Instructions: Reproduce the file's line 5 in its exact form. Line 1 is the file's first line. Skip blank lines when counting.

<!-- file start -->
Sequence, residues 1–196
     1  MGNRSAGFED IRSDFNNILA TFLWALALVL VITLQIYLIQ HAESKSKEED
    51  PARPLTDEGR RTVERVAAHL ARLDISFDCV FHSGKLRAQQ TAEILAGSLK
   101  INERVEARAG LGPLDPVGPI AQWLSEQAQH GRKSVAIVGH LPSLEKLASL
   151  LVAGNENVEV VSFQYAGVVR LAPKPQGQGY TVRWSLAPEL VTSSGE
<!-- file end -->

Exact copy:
   151  LVAGNENVEV VSFQYAGVVR LAPKPQGQGY TVRWSLAPEL VTSSGE